Screenshot for Amany el-Khayat host of the ONTV show Been Al-Sotor (Between The Lines) - February 2018 Screenshot for Amany el-Khayat host of the ONTV show Been Al-Sotor (Between The Lines) - February 2018

Amany el-Khayat suspended over Oman remarks

Fri, Feb. 16, 2018
CAIRO – 16 February 2018: The administrative council of Egypt’s Media Syndicate decided to suspend Amany el-Khayat, host of the ONTV show “Beyn Al-Sotor” (Between the Lines), for one month, and to suspend Ahmed el-Sherif, host of LTC show “Malaab El Sherif” (Sherif’s Pitch), for three weeks, Hamdi al-Konaysi, head of the Media Syndicate, said in a statement on Thursday.

The decision was taken after revising the code of ethics, the code of professional conduct that was issued according to law No.93 of 2016, and the prime minister’s decree No. 573 for year 2017 to establish the founding committee for the Media Syndicate, Konaysi said.

The legal committee concluded in its report proving that Khayat has committed an unprofessional act and national abuses, amounting to the abuse of a sister Arab country in a timely and sensitive manner. Despite being legally informed twice, she did not comply with the investigation before the Legal Committee, which is considered a confession of her mistake.

Khayat’s comments came at the same week as Egyptian President Abdel Fatah al-Sisi made his first visit to Oman since he took office in 2014. She referred to the Sultanate of Oman as a "small, insignificant princedom," and her comments went viral on social media websites and frustrated many Omanis, who called for immediate legal action against her.

After the outrage occurred, Khayat commented again on the issue, saying, “the Sultanate of Oman is an important country in the Arab Peninsula, being the third largest in landmass, and if the word ‘princedom’ has annoyed the citizens of Oman with noble manners, we apologize to them,” Khayat said on Beyn Al-Sotor.

president Abdel Fatah al-Sisi with Sultan of Oman Qaboos bin Said al-Said at Muscat, February 4, 2018 - Press Photo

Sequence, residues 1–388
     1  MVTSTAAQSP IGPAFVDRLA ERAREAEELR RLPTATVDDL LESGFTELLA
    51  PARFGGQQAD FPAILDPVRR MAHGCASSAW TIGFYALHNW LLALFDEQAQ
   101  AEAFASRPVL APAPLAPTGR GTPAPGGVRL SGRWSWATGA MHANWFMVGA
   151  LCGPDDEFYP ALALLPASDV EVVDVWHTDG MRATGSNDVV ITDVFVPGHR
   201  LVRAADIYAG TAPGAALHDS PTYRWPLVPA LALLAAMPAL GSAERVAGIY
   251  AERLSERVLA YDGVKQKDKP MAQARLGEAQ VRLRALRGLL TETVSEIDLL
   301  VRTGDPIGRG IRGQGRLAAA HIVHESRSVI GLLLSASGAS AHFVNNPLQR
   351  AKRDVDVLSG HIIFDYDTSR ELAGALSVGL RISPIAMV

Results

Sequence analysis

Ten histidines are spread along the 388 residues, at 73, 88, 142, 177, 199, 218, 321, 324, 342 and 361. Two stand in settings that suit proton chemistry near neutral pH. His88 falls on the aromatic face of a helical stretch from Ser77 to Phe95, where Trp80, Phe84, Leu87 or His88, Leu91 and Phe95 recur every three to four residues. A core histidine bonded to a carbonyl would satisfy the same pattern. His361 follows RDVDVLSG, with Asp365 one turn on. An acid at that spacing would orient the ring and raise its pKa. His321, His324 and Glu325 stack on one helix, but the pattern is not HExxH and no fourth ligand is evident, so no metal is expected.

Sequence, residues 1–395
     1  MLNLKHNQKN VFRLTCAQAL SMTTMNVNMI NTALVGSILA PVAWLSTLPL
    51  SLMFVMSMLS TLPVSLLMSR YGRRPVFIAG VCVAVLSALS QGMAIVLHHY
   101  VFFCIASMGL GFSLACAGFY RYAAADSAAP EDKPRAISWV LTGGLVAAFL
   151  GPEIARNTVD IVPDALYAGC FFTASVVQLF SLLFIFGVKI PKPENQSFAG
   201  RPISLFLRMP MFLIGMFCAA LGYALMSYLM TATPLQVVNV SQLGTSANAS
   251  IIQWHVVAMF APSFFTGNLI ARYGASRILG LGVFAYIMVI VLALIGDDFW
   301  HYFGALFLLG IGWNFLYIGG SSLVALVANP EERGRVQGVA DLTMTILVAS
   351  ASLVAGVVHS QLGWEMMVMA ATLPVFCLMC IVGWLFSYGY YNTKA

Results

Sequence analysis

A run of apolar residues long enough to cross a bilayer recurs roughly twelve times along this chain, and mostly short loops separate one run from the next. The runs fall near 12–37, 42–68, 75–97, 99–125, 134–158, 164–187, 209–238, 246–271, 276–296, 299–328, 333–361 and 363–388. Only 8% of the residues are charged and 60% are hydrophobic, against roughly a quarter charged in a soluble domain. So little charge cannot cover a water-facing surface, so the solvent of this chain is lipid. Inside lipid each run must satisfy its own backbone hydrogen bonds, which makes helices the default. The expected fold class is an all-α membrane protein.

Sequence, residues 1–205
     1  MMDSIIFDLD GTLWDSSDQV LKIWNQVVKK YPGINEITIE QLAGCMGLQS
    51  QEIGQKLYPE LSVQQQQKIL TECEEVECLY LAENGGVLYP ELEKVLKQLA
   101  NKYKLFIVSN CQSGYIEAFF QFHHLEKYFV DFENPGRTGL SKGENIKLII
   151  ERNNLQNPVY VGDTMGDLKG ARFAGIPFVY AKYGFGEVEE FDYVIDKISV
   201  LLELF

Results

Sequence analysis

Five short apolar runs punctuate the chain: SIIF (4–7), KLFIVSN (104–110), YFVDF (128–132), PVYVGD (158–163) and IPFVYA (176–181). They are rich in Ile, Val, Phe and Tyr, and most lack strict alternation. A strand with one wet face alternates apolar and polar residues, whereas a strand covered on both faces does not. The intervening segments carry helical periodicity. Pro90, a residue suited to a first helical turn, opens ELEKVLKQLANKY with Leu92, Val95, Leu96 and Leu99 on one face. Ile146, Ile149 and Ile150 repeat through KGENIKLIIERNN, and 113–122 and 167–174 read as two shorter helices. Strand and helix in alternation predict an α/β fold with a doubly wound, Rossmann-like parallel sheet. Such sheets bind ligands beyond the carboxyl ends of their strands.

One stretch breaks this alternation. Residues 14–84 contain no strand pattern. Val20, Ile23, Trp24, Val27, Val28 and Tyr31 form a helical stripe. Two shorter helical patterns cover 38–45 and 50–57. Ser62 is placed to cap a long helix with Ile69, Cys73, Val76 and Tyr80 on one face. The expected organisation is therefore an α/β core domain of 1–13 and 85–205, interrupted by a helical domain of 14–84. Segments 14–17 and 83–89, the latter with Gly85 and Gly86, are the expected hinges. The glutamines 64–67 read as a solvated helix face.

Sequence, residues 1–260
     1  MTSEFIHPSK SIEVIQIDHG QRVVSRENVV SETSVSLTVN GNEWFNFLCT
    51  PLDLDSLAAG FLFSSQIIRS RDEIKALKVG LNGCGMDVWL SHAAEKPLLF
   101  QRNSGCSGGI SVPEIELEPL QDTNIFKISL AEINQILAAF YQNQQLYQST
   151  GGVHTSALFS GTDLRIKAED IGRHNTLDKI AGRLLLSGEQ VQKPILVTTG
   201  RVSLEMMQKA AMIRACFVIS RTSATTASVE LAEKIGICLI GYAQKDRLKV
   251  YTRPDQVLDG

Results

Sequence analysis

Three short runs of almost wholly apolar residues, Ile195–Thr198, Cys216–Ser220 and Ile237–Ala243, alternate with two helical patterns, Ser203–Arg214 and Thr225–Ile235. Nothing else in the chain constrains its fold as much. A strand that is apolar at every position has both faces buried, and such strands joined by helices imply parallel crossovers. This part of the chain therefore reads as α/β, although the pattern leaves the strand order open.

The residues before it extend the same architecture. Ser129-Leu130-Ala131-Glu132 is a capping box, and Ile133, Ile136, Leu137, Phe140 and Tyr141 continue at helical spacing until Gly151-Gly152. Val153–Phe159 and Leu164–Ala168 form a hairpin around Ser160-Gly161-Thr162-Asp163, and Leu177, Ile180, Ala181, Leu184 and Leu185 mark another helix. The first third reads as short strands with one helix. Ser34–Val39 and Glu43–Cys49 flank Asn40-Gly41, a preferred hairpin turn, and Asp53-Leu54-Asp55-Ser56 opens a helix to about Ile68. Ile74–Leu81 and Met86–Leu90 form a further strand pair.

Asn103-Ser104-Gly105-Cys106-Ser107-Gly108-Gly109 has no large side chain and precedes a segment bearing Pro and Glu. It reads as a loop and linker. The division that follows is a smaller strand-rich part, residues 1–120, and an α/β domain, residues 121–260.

It’s not Khayat’s first time making controversy. Previously on her show, she claimed that Morocco's king made a deal with Islamists in 2011 and that the country's economy is based on prostitution, adding that she directed the audience to search Morocco on Google in terms of AIDS and HIV.

These remarks went massively viral on social media, inciting anger and refusal among Moroccans and Egyptians, and the TV station's owner at that time, Egyptian billionaire Naguib Sawiris, tweeted back to a Moroccan citizen, apologizing and stressing that he would investigate the incident himself.

Later, Khayat’s show’s official Facebook page posted an apology to the Moroccan government and people for the "misunderstanding" that occurred during the show.

For Ahmed el-Sherif, the committee concluded in its report that his program violated the codes of ethics and professional conduct due to a telephone interview with one of the guests, which included accusations against many public figures without any interference from the announcer to stop the guest or end the interview. Also, despite being legally informed twice, he did not comply with the investigation before the Legal Committee, which is considered a confession of the mistake, Konaysi said.

The ON Live and LTC channels’ files will be forwarded to the Supreme Council for Media Regulations (SCM), and if they allow the TV anchors to appear during the suspension period, they will co-share the responsibility of the violations, according to the SCM’s laws.

The Supreme Council for Media Regulations was established on December 24, 2016 after President Sisi issued Law No. 92 of 2016 on the Institutional Organization of the Press and the Media as an independent body with corporate personality.

The role of the council is to regulate and supervise media outlets in all forms – print, broadcast and electronic – and it establishes the framework and standards necessary to ensure that media outlets abide by the rules and ethics of the profession.

In January 2017, Sisi ratified a law that establishes a media workers’ syndicate, which assigns the rights and duties of its members.

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